Russian Voters Just Cleared the Way for Putin to Rule as President-for-Life

Russian opposition figures have denounced the constitutional amendments that will allow Putin to serve as president until 2036.
03 July 2020, 12:09am
putin protest
A woman protesting against proposed constitutional amendments in Moscow, Russia in March, 2020. Photo: Nikolay Vinokurov / Alamy Stock Photo

Russian voters have cleared the way for President Vladimir Putin to potentially rule for another 16 years as a virtual president-for-life, backing a controversial amendment to the constitution that resets term limits on his presidency.

The result means that when Putin's current six-year presidential term ends in 2024, he is free to run again — and again in 2030. The 67-year-old has already been in power, as president or prime minister, for 20 years, making him one of the world's longest-serving leaders.

Polls closed Wednesday in a seven-day nationwide referendum asking voters whether they were in favor of a package of more than 200 amendments to Russia’s 1993 constitution, which the Kremlin had pitched as necessary changes for the stability and moral health of the nation.

In the all-or-nothing vote, which presented voters a choice between backing all the changes or none of them, nearly 78 percent of voters voted for the amendments, with more than 21 percent against. Turnout was about 65 percent, according to the election commission.

Among the changes, which included a ban on same-sex marriage, "protection" of the family, and a reference explicitly asserting the country’s "faith in god", was a change that reset the clock on Putin's time in the presidency.

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Russian law limits presidents to serve two six-year terms, but the amendment would reset this in Putin's case, said Nikolai Petrov, senior research fellow on Russia at the Chatham House think-tank.

"The amendment states it will be zeroed, and Putin will start anew," he told VICE News.

Campaign literature for the referendum, which framed the changes as necessary measures to safeguard traditional values, barely mentioned the change. Petrov said the term limit issue only received public attention in the past couple of weeks, with Putin justifying the move as necessary to avoid instability and distractions from the important work of government in the coming years.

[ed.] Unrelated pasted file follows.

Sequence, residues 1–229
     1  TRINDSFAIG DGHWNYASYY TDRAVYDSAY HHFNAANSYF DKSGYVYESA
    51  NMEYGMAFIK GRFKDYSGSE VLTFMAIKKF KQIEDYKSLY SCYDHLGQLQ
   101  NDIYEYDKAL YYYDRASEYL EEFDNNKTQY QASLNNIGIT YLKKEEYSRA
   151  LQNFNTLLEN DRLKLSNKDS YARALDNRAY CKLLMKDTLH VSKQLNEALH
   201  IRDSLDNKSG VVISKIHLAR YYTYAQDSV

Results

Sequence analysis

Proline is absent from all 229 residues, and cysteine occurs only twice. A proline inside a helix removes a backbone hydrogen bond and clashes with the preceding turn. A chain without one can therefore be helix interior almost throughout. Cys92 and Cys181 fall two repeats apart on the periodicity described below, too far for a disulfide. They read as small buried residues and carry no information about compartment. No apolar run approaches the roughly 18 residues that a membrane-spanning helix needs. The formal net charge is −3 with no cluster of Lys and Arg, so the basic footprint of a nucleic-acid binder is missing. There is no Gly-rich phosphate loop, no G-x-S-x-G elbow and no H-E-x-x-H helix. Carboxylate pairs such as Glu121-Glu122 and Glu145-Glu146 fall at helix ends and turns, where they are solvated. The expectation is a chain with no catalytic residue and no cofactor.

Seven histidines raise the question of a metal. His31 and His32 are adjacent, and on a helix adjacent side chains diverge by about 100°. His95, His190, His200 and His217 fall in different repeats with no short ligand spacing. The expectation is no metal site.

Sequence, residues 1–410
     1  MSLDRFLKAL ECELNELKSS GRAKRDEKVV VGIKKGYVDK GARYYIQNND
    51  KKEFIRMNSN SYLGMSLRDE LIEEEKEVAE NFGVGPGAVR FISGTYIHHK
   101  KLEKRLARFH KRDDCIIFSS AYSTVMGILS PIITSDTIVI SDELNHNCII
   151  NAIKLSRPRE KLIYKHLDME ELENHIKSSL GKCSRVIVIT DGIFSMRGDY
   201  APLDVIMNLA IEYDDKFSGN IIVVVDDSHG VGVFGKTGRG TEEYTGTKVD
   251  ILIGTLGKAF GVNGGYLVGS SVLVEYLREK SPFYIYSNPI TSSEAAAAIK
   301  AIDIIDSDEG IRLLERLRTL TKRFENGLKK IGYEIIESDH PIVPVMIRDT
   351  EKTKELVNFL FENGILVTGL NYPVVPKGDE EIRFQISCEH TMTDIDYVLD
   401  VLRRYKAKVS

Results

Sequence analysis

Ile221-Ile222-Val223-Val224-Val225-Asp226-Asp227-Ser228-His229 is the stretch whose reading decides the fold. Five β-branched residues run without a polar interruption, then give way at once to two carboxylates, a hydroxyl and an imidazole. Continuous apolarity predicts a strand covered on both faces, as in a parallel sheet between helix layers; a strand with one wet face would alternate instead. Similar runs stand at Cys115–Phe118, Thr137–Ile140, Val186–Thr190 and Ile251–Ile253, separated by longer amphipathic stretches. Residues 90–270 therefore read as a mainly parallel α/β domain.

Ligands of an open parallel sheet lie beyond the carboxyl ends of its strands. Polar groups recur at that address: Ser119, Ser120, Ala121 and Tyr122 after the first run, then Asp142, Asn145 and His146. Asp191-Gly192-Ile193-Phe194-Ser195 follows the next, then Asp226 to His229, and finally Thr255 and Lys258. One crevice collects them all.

"Experience tells me there will be searches at various levels of government for possible successors instead of normal ... work," Putin told a TV interviewer last week. "We need to work, not look for successors."

In his final TV appeal to voters Tuesday, he made no mention of the change to his term limit.

Petrov said the referendum was largely symbolic, as the changes to the constitution had already been ratified by Russian lawmakers and signed into law earlier this year. The laws stated, though, that they could only be enacted after getting popular support.

"The main reason to have this vote was to demonstrate that he has popular support," he said.

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Russian opposition figures and independent election monitors denounced the vote. Golos, an independent Russian monitoring organization, alleged there were many flaws with the process, including opponents of the reforms being prevented from campaigning in the media, and election monitors appointed by a government body.

Kremlin critic Alexei Navalny dismissed the results as "a huge lie," writing in a blogpost that Putin had "refused to hold a real referendum in accordance with all the rules and with observers present".

"Because he understood: if there are rules — he will lose," he wrote.

The results also drew small protests, with activists in Moscow laying on the ground to form the number "2036" with their bodies, and another holding a sign reading: "Putin forever?"

But the result was welcomed by Putin’s allies, such as the Chechen strongman Ramzan Kadyrov, who posted a video to Telegram saying the Russian leader should be made "president for life".

Putin, who was returned to power in 2018 with 77 percent of the vote, has himself been coy about his ambitions, but has publicly said he wouldn’t rule out running for future terms.

"I have not decided anything for myself yet," he said in March. "I don’t exclude the possibility of this. If the constitution allows the opportunity, we will see."

This article originally appeared on VICE US.